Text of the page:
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A Brief Explanation of the Dollar Index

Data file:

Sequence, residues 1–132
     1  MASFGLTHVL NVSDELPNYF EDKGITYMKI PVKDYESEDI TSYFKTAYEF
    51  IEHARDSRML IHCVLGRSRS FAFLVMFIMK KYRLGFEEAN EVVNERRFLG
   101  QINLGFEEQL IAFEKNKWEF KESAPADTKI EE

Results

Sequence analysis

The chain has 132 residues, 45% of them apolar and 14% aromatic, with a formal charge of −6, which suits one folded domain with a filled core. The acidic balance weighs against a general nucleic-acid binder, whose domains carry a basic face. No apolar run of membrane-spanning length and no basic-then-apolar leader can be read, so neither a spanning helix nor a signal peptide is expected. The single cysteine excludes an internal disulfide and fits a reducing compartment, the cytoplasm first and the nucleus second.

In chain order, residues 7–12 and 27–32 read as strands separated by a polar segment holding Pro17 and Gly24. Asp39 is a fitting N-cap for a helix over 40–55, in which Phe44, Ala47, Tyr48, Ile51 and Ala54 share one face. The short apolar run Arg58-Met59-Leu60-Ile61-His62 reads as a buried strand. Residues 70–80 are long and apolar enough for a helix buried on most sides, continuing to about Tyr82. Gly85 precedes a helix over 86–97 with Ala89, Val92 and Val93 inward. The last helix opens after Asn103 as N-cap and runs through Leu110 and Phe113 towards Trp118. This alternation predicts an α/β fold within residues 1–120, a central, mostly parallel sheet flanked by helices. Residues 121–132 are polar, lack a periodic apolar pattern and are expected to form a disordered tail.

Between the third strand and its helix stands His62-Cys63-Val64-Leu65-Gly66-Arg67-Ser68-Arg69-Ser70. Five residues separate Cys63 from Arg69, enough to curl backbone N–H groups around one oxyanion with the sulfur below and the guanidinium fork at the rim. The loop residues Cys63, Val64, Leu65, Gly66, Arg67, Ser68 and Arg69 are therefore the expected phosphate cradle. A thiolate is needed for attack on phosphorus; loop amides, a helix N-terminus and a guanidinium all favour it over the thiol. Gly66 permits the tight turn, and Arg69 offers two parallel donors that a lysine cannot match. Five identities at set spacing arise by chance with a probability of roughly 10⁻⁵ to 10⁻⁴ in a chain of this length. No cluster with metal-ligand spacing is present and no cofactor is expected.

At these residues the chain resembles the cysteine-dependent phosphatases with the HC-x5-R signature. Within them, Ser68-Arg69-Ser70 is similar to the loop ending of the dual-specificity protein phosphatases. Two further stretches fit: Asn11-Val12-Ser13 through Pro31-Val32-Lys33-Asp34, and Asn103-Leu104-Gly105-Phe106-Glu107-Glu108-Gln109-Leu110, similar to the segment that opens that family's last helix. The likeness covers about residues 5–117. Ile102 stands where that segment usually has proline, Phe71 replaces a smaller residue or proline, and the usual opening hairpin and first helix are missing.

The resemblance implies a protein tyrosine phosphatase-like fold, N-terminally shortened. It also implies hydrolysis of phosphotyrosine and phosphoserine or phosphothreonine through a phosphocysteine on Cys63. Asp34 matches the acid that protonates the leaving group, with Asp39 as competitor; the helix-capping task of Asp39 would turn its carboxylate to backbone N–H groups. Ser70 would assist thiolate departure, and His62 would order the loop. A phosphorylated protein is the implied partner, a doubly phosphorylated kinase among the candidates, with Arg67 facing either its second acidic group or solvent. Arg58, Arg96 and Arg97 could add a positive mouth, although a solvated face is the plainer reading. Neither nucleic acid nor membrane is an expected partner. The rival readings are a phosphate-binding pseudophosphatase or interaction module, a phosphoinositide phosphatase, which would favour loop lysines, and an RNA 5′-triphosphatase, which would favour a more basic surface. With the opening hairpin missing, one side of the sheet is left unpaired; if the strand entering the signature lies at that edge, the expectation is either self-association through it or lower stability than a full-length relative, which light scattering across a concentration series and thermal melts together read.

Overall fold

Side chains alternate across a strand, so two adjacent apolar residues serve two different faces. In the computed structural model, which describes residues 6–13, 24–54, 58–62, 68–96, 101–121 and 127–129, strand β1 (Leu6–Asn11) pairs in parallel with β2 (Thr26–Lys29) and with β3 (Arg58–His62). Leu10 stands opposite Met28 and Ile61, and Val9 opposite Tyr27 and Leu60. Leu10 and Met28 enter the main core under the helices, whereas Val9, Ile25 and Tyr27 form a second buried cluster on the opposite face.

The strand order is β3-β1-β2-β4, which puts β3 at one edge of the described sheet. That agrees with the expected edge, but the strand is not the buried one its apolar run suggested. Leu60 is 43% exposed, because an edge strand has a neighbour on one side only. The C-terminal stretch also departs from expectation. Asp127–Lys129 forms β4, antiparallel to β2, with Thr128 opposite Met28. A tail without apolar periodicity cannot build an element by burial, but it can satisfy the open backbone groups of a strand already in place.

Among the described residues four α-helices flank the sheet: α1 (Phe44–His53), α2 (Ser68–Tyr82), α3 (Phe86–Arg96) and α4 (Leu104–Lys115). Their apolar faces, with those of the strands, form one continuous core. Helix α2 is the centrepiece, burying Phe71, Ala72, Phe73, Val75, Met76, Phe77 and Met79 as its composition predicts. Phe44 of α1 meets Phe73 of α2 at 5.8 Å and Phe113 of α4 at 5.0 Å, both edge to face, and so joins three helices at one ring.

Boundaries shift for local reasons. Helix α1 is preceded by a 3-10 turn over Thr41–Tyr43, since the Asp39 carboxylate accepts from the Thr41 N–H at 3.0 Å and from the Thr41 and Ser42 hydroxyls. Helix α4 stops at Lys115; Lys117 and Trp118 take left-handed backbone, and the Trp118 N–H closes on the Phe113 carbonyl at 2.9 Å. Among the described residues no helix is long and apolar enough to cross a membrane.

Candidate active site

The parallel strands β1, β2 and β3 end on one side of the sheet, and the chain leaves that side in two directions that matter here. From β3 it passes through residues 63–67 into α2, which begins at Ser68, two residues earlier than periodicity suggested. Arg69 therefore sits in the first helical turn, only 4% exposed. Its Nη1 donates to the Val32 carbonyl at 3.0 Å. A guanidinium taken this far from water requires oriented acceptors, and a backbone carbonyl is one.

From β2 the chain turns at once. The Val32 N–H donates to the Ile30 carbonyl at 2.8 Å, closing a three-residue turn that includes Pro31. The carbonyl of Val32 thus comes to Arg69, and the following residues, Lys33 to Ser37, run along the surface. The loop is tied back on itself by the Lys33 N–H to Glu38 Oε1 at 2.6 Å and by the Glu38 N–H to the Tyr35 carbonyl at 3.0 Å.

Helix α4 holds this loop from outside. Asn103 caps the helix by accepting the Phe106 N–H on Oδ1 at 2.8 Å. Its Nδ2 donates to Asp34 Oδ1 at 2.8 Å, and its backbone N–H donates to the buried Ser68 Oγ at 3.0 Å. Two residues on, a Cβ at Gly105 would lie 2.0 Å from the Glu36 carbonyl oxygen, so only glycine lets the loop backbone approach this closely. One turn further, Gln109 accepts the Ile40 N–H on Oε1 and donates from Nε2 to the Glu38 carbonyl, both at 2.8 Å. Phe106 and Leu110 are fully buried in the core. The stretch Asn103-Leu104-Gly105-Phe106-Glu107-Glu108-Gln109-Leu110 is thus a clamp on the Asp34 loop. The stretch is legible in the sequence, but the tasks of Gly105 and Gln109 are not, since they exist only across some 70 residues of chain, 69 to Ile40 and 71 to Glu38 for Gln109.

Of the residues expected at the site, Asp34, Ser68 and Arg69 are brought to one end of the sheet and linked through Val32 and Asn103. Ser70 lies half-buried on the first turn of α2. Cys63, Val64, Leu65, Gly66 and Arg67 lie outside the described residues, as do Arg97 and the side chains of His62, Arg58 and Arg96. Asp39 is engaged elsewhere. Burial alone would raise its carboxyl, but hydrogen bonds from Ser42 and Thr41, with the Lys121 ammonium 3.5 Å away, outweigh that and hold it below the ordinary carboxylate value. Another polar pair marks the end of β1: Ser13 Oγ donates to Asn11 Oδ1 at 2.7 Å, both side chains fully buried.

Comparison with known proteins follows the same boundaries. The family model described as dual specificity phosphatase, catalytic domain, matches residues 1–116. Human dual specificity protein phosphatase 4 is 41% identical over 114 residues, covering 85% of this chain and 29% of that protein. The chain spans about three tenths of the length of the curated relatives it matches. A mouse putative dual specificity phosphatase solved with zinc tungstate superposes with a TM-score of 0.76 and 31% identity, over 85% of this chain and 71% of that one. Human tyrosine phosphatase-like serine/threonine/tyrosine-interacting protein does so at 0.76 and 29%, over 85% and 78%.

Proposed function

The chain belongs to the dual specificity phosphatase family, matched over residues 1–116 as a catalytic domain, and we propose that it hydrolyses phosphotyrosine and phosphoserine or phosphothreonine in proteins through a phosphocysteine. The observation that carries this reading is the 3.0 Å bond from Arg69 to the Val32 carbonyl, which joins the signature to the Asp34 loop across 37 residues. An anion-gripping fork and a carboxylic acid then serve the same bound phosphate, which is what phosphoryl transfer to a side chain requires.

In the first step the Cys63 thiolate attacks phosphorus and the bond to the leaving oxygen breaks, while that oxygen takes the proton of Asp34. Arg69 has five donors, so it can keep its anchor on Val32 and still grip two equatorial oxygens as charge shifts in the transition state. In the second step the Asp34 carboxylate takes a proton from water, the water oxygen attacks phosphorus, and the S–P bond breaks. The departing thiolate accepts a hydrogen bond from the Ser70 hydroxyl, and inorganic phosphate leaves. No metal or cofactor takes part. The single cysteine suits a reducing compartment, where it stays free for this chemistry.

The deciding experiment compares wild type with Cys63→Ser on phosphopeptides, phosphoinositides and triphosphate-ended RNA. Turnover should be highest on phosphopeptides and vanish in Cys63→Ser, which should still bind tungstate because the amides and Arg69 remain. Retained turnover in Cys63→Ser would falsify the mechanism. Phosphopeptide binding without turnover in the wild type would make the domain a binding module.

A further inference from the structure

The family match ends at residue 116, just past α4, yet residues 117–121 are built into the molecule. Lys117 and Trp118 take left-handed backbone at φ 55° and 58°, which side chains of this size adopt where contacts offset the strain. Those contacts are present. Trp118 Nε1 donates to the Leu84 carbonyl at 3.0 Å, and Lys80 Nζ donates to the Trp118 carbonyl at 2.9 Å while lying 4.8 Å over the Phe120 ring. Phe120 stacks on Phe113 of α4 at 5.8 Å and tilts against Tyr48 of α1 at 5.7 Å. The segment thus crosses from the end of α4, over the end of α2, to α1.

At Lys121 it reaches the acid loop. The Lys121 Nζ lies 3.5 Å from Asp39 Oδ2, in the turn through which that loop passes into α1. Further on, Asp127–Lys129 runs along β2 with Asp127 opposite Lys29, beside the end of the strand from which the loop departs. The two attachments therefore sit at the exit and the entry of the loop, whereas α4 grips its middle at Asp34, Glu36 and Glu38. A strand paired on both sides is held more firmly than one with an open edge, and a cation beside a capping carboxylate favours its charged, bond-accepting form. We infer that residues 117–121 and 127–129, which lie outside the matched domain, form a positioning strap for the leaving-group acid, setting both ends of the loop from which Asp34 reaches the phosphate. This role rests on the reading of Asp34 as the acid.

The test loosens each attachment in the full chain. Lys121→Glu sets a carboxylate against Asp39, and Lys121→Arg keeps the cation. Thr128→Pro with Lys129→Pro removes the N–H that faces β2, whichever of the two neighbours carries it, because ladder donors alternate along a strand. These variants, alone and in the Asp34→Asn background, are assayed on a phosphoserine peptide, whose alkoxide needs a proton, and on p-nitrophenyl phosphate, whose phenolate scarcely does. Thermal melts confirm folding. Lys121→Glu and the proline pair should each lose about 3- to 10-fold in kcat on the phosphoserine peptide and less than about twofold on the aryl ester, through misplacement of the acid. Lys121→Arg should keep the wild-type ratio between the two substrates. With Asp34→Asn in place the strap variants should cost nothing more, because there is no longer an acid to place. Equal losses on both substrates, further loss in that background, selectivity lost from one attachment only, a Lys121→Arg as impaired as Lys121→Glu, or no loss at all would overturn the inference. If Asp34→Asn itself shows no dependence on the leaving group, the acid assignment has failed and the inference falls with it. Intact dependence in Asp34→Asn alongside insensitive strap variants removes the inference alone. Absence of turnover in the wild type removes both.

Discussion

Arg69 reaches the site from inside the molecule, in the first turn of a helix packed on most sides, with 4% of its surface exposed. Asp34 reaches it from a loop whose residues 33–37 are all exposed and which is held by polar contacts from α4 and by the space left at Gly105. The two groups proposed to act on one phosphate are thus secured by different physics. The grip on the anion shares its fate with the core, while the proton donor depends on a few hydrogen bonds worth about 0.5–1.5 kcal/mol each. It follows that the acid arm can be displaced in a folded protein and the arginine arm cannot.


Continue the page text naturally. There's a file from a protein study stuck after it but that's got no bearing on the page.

The Dollar Index What rebateforexindonesia the Dollar Index?  If you have traded stocks, you are most likely quite familiar with a number of stock highestrebateforexdices, such as: the Shanghai Composite Index, the Shenzhen Composite Index, the Dow Jones Industrials, the NASDAQ, the S&P 500, etc. Since stocks have corresponding indices, the U.S. Forex rebate for you is no exception For currency traders, we have the U.S. dollar getforexrebate (USDX) It is a composite reflection of the U.S. dollar It measures the degree of change in the dollars exchange rate against a basket of cashback forex by calculating the combined rate of change of the dollar Forexrebateforyou against a selected basket of currencies to measure the strength of the dollar What is it saying? After seeing this annoying definition, we know youre probably about to drift off to sleep Well, before you doze off, lets break it down A basket of currencies The U.S. dollar index is made up of six major currencies, which are: •The euro•The yen•The pound•The Canadian dollar•The Swedish krona •CHF Here is a question if the dollar index consists of 6 currencies, how many countries are actually included in it?  If you say 6, then, you are wrong If you say 22, then, you are a genius There are 22 countries in total, as 17 of the EU member states have now adopted the Euro as their single currency, plus five other countries (Japan, the UK, Canada, Sweden, and Switzerland) Obviously, 22 However, the other currencies are very closely linked to the dollar index which makes it a good indicator of the strength of the dollar globally The dollar index components We already know what currencies make up the dollar index, now lets get back to the weighted part of it Since the size of each country is different, each currency is given a different value when calculating the dollar index. When calculating the dollar index, it is only fair that each currency is given the right weighting Lets look at the current weights:   Since the eurozone consists of 16 countries, the euro also has the largest weight in the dollar index followed by the yen, since Japan is also one of the largest economies in the world The other four national currencies have less than 30% weight in the dollar index  nbsp;Heres a very interesting phenomenon: when the euro falls, how will the dollar index go?  The weight of the euro in the dollar index is so large that we can basically call the dollar index the anti-euro index Since the dollar index is greatly influenced by the movement of the euro, people have begun to look for a balanced dollar index However, this change will not happen immediately How to read the dollar index Like some currency pairs, the dollar index also has its own technical Chart First, note that the dollar index is calculated 24 hours a day, 5 days a week. This means that the dollar has risen 20.65% since the index was created The dollar index calculation began in March 1973March 1973 was chosen as the reference point because it was a historic moment in the turnaround of the foreign exchange market, when the major trading nations allowed their currencies to float freely with another countrys currencyThe dollar index began in what is also known as the benchmark period  nbsp;Dollar index formula USDX=50.14348112EUR/USD^(-0.576)USD/JPY^(0.136)GBP/USD^(-0.119)USD/CAD^(0.091)USD/SEK^(0.042)USD/CHF^(0.036)& nbsp;Trade Weighted Dollar Index The Federal Reserve will also use another form of dollar index we call the Trade Weighted Dollar Index The Federal Reserve wanted to create an index based on the competitiveness of U.S. goods relative to other countries goods that more accurately reflects the value of the dollar relative to other countries currencies The Trade Weighted Dollar Index was formed in 1998 The currency and their weights The table below lists the weights of the major currencies in the dollar trade-weighted index:  The weights are as of August 2012 The main difference between the dollar index and the dollar trade-weighted index is the basket of currencies selected and their relative weights The dollar trade-weighted index includes the currencies of major countries around the world The dollar trade-weighted index includes the currencies of major countries around the world, and it also includes some developing country currencies Given the growth of global trade, the dollar index is likely to better reflect the value of the dollar on a global scale The weights are selected based on annual trade data The weighting data for the dollar index can be found at: /releases/H10/Weights. If you want to view historical data, click on  Forex trading with the US Dollar Index You must be thinking, how do I use it in my trading? Dont worry, the answer is coming soonWe know that the vast majority of widely traded currency pairs contain the US dollarIf you dont know, listen up, the likes of EUR/USD, GBP/USD, USD/CHF, USD/JPY, and USD/CAD all contain the US dollar in their trades What does this mean? If you trade in these combinations, the dollar index will be second only to sliced bread (or burgers or buns…… or chocolate ice cream) as the best thing If you dont participate in the underlying trades, the dollar index will also give you an idea of how strong the dollar is in the world In fact, when the outlook for the dollar market is unclear, in most cases, the dollar index will Indicate the outlook for the dollar market In the wide world of forex, the dollar index can be used as an indicator of whether the dollar is strong because the euro is over 50% weighted in the composition of the dollar index and there is a very tight negative correlation between the euro/dollar movement and the dollar index This is like a mirror image If one goes up, the other is likely to go down Do you see it? The trend lines look almost exactly inversely correlated which will help those who trade EUR/USD If the USD Index moves significantly, you can be almost certain that forex traders will act accordingly The USD Index and spot forex traders interact with each other A breakout in the spot USD pair will almost certainly lead to a similar breakout in the USD Index Overall, forex traders will For example, if the dollar index is strong and rising, and you are trading EUR/USD, a strong dollar will show up on the technical charts as a falling EUR/USD if the dollar is the base currency in the portfolio you are trading, such as USD/CHF, a rising dollar index will mean that USD/CHF is likely to be in an uptrend as well. Here are two things you should keep in mind: If the dollar is the base currency (USD/XXX), then the dollar index should move in the same direction as the currency pair; If the dollar is the quote currency (XXX/USD), then the dollar index should move in the opposite direction as the currency pair Dollar Smile Theory Ever wonder why the dollar strengthens in both recessions and booms? Well, others have had similar questions In fact, a smart brother who worked at Morgan Stanley came up with a theory to explain this phenomenon Former currency strategy analyst and economist Ren Yongli came up with a theory and named it the Dollar Smile Theory His theory depicts 3 scenarios that guide the behavior of the dollar Scenario 1: The dollar appreciates due to risk aversion Smile The first part of the smiley shows that the dollar benefits from risk aversion Risk aversion causes investors to flee to safe haven currencies such as the dollar and the yen As investors perceive the global economic situation to be unstable, they hesitate to continue to chase risky assets and increase their willingness to purchase less risky dollars, regardless of the state of the U.S. economy Scenario 2: The dollar falls to new lows The bottom of the smiley reflects the dull performance of the dollar, which This performance is due to the weakness of the US economic fundamentals and the possibility of a rate cut which would also devalue the dollar, causing the market to start avoiding the dollar. Sell! Sell! Scenario 3: The dollar strengthens on the back of economic growth Eventually, the smiles show as the U.S. economy finally sees the light of hope Optimism rises, economic turnaround signals emerge and investor confidence in the dollar begins to rise In other words, as the U.S. economy enjoys a stronger GDP growth rate and expectations of interest rate hikes grow, the dollar begins to appreciate when the financial crisis emerged in 2007 This theory looks like it has started to work Remember, the dollar strengthened sharply when the extent of the global recession peaked? That was the first stage When the market finally came out of the bottom in March 2009, all of a sudden, investors began to switch to high-yielding currencies, which gave the dollar the distinction of being the worst performing currency in 2009   So does the dollar smile theory hold true?  Time will tell In any case, this is a theory to keep in mind Remember, the economy is cyclical The key is to find where the economy is in the cycle